As I observe and interview Edgar I become aware of his cognitive abilities. During the interview session, I was able to see him do mathematic problems for his homework. He was doing word problems of addition and subtraction in fractions. The questions went in sequence and added to the previous question. He was able to use previous knowledge to help him solve the problems. Children during this stage are “less egocentric, they can take multiple aspects of a situation into account, an ability known as decentering” (Feldman, 301). This is also helpful when working with others. When I interviewed my aunt she mentioned that she tracks her children’s school progress and follows up with teachers. Edgar’s teacher has previously told her that he is cooperative when working and playing in small groups with other children. Influenced by Vygotsky, “cooperative learning, in which children work together in groups to achieve a common goal” (Feldman, 305). At family gatherings, we like to play some friendly soccer and get into groups. When they team up I have seen him comment about different plays they can do to hit a goal. As a team, each member gives input and work together to achieve it. Continuing with his education his mother states that he rarely has trouble doing homework and never complains about it. She also mentioned that when growing up he was in English Language Development courses till he was in second grade. His first and home language is Spanish and has developed his bicultural identity. “ In the case of Spanish-speaking children, for example, instruction begins in the child’s native language and shifts as rapidly as possible to include English” (Feldman, 316). Also stated in the text “studies examining children’s socio-emotional well-being found that bilinguals had the highest level of self-control and interpersonal skills compared with monolinguals” (Feldman, 308). His mother and father know little English but talk the little they know to Edgar and his sisters. They encouraged Edgar’s older sisters to talk English to him as a toddler to introduce the language little by little. Now that they are all older, my aunt enforces only speaking Spanish at home and only speak English when they are discussing homework.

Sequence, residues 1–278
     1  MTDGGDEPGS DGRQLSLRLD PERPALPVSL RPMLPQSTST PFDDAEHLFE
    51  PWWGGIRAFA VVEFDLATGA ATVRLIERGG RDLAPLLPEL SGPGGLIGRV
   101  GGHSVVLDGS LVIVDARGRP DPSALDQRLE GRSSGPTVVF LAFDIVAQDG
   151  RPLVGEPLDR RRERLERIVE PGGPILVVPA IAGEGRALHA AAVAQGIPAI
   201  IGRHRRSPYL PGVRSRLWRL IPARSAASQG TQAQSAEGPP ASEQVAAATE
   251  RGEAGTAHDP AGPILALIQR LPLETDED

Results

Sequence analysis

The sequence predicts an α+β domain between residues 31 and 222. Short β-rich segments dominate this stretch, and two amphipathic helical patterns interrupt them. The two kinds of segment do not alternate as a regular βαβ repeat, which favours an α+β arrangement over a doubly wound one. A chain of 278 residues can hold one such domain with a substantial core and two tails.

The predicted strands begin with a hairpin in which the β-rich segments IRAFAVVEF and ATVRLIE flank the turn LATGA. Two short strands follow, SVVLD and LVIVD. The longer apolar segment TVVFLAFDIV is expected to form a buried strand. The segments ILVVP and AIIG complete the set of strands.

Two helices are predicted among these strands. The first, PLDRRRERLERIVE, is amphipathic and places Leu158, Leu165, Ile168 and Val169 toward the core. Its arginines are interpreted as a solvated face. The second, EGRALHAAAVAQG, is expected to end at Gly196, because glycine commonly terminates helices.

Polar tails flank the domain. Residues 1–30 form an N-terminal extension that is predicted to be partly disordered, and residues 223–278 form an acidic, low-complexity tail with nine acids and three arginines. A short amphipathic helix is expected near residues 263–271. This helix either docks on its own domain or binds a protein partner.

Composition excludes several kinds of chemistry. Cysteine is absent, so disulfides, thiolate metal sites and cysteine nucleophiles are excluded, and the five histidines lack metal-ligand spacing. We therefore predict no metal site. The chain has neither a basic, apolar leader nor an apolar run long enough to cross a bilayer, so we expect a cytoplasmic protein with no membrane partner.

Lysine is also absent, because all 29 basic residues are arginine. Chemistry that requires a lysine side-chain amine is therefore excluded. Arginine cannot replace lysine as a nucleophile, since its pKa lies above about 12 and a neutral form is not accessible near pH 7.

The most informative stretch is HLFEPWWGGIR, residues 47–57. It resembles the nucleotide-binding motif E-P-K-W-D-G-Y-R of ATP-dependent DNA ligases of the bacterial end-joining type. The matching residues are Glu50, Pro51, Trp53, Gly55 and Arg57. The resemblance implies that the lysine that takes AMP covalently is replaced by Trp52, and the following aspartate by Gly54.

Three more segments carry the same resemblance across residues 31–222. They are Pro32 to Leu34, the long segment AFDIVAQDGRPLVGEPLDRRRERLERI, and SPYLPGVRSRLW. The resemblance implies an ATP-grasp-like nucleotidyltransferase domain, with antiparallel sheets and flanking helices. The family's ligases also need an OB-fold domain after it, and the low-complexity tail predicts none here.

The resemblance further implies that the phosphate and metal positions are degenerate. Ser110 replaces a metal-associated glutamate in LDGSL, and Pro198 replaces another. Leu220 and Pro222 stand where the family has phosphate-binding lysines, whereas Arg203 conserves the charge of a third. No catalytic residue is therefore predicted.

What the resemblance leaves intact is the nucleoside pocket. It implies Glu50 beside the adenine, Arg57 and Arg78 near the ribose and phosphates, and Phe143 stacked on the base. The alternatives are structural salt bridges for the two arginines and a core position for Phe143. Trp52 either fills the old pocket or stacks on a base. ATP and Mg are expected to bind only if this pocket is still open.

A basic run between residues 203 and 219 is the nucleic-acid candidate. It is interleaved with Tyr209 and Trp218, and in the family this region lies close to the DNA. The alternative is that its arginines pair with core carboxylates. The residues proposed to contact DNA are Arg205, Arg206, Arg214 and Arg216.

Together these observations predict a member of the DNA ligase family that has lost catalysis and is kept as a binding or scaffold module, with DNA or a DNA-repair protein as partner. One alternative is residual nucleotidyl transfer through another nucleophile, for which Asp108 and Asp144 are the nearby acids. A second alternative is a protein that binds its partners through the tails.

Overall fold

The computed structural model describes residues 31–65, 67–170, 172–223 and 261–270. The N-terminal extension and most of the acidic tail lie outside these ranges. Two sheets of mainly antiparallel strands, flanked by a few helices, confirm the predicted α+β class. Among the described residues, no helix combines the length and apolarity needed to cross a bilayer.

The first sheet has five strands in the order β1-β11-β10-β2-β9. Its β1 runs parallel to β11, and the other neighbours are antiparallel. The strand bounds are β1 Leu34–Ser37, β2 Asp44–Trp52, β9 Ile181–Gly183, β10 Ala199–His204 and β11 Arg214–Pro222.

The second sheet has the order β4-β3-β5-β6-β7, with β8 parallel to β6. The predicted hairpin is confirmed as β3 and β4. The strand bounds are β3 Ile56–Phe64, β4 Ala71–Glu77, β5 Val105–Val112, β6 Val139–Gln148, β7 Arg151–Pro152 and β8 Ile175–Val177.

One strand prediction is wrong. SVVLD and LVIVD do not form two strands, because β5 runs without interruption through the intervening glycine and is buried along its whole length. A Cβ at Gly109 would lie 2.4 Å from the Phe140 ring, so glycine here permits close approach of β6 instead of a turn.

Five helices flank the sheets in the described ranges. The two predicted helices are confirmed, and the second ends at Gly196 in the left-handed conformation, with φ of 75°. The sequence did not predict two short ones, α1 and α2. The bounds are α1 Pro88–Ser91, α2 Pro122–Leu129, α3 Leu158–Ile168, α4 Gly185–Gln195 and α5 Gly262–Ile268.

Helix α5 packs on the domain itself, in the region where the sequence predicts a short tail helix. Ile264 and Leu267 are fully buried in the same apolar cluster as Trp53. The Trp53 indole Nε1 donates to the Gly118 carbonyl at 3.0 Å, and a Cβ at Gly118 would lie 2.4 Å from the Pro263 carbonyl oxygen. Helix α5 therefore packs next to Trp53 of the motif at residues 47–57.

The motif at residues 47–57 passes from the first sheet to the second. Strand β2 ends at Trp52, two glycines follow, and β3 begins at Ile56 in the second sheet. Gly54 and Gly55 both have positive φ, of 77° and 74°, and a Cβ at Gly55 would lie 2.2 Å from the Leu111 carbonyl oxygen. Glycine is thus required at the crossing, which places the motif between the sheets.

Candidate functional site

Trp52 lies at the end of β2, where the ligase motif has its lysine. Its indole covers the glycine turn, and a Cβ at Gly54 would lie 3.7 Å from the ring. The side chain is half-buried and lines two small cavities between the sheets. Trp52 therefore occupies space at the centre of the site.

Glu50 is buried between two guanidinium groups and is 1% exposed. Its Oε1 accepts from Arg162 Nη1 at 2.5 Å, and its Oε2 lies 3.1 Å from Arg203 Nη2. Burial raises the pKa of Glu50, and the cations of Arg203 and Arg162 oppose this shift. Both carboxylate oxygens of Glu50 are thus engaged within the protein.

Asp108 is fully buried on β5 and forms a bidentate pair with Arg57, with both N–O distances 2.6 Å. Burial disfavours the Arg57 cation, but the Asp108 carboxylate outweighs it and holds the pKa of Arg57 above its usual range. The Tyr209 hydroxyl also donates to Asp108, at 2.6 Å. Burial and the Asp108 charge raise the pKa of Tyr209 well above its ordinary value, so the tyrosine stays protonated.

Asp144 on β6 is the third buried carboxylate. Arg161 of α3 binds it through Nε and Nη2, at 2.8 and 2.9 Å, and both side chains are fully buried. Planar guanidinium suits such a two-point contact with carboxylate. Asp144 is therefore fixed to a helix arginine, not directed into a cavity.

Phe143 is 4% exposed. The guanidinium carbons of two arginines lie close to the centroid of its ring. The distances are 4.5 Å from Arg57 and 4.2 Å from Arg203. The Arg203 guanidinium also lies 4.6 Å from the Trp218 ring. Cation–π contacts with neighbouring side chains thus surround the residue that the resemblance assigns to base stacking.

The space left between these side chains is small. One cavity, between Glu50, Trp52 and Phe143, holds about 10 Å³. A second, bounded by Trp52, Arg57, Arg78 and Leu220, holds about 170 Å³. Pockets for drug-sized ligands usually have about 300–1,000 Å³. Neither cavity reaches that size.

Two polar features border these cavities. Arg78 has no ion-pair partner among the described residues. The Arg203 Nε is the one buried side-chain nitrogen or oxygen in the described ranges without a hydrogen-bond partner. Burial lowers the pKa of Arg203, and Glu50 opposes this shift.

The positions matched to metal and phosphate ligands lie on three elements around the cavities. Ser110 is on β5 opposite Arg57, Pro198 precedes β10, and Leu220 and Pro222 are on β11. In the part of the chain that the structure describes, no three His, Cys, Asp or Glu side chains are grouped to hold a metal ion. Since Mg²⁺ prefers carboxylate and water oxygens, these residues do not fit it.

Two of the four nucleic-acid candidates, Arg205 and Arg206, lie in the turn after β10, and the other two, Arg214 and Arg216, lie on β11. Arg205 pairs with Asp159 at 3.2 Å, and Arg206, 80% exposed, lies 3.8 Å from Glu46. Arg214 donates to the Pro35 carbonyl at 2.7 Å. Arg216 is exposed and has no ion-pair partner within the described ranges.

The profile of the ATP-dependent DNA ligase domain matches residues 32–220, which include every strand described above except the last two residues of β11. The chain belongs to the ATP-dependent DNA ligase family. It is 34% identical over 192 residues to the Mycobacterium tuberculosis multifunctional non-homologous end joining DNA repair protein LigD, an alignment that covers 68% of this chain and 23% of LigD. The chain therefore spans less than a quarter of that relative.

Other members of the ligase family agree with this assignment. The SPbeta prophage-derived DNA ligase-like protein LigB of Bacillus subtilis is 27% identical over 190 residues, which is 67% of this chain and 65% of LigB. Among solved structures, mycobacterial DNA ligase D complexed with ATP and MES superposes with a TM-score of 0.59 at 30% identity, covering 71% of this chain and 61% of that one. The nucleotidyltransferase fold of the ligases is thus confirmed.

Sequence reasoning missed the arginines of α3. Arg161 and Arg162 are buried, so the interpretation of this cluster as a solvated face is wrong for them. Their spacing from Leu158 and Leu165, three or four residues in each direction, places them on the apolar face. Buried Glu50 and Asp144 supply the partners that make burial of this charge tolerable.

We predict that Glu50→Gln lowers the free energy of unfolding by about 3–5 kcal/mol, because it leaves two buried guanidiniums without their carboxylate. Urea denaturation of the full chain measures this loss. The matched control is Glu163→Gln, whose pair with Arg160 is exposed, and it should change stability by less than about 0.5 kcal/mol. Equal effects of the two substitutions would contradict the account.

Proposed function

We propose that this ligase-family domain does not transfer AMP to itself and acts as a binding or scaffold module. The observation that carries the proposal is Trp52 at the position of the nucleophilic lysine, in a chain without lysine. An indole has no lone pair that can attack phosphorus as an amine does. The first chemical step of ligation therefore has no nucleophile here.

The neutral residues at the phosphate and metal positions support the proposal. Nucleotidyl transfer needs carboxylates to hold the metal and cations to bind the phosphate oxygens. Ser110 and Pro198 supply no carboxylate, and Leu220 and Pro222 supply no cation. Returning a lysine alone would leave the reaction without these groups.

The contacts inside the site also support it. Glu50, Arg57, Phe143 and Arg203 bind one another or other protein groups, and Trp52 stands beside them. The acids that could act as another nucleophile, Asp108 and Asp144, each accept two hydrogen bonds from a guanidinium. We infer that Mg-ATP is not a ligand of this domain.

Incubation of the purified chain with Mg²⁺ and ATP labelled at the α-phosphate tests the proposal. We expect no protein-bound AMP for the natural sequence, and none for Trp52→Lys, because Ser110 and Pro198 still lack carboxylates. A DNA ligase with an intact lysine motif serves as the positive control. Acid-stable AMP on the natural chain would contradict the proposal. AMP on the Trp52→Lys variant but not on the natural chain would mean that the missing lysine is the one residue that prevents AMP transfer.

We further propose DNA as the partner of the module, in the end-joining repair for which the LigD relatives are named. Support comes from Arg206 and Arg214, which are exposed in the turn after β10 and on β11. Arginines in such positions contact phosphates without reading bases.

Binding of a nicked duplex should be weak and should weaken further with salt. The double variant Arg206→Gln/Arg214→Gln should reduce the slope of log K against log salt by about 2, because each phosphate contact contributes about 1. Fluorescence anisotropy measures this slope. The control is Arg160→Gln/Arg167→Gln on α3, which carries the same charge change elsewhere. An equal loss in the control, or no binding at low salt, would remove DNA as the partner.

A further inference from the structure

Social/Emotional Development

He is surrounded my girls all day, that being his mother and two sisters. The bond Edgar has with his mother and sisters (ages 12 & 14) are inseparable. They are always hugging and joyfully playing and joking around. He spends most of his time with his mother and enjoys hugging her and telling her how much he loves her. His older sisters always spoil him and show him much love. Of course, there are always moments where there are sibling fights and can’t even look at each other. This rarely happens in their household and when it does they do not last more than a couple of hours before saying sorry and hugging it out. “In Mexican American families, which have particularly strong values regarding the importance of family, siblings are less likely to respond negatively when younger siblings receive preferential treatment” (Feldman, 346). Edgar’s parents do not show preference to any one of their children. They are equal with all of them and teach them to be respectful and loving. My uncle and aunt practice authoritative parenting and “are warm and emotionally supportive, while still setting clear limits for their children’s behavior” (Feldman, 336). This lead Edgar and his sisters to have high self-esteem and be proud of whom they are. As a whole, Edgar displays a lot of love toward his family and close friends.

Edgar is a typical kid that enjoys school and most of all loves to play sports. He is 9 years old and doesn’t care what others say, lives the way he’s comfortable in and proud of his cultural identity. He has been playing soccer since he was seven years old and has come to learn many skills, which help him in both physically and academically. He attains different perspective when solving problems. He has a positive and loving relationship with his parents and siblings. Overall, I was able to see where my cousin was in all domains and share this information with my aunt.

Sample Paper #2:

Essay #3 School Age 7-12 Years Old Book Paper

The book Because of Winn Dixie tells the tale of ten year old India “Opal” Buloni. Opal was abandoned by her mother and moves to a new town called Naomi, Florida with her father. It is summer. Opal’s father is a preacher in the local town and they live in an adult only trailer park. Opal meets her new dog at a Winn-Dixie store and names him Winn-Dixie. She develops a relationship with Winn-Dixie. During this time this relationship helps her to deal with some of the things that a child of this age may face. She meets a girl named, Amanda Wilkinson, who Opal describes as “pinched face”. She later learned why, that she had lost a brother to drowning. The books shows how Opal develops as a child. She develops friendships, develops socially and deals with living with a single parent.

Physical Development